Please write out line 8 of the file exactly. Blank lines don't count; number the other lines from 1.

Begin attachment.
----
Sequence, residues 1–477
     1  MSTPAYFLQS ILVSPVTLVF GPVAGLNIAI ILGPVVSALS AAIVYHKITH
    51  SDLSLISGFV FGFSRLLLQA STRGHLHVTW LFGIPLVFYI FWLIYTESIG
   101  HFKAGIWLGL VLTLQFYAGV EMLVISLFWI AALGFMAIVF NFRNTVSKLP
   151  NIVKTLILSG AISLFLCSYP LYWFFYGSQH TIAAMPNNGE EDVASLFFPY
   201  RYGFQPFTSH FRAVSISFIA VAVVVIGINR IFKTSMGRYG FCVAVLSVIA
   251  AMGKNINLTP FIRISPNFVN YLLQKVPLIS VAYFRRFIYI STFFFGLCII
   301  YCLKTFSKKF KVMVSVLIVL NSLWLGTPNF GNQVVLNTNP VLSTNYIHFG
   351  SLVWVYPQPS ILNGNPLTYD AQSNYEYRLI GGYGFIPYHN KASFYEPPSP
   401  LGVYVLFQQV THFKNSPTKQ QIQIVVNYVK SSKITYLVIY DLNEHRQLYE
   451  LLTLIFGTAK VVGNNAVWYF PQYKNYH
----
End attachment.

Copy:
   301  YCLKTFSKKF KVMVSVLIVL NSLWLGTPNF GNQVVLNTNP VLSTNYIHFG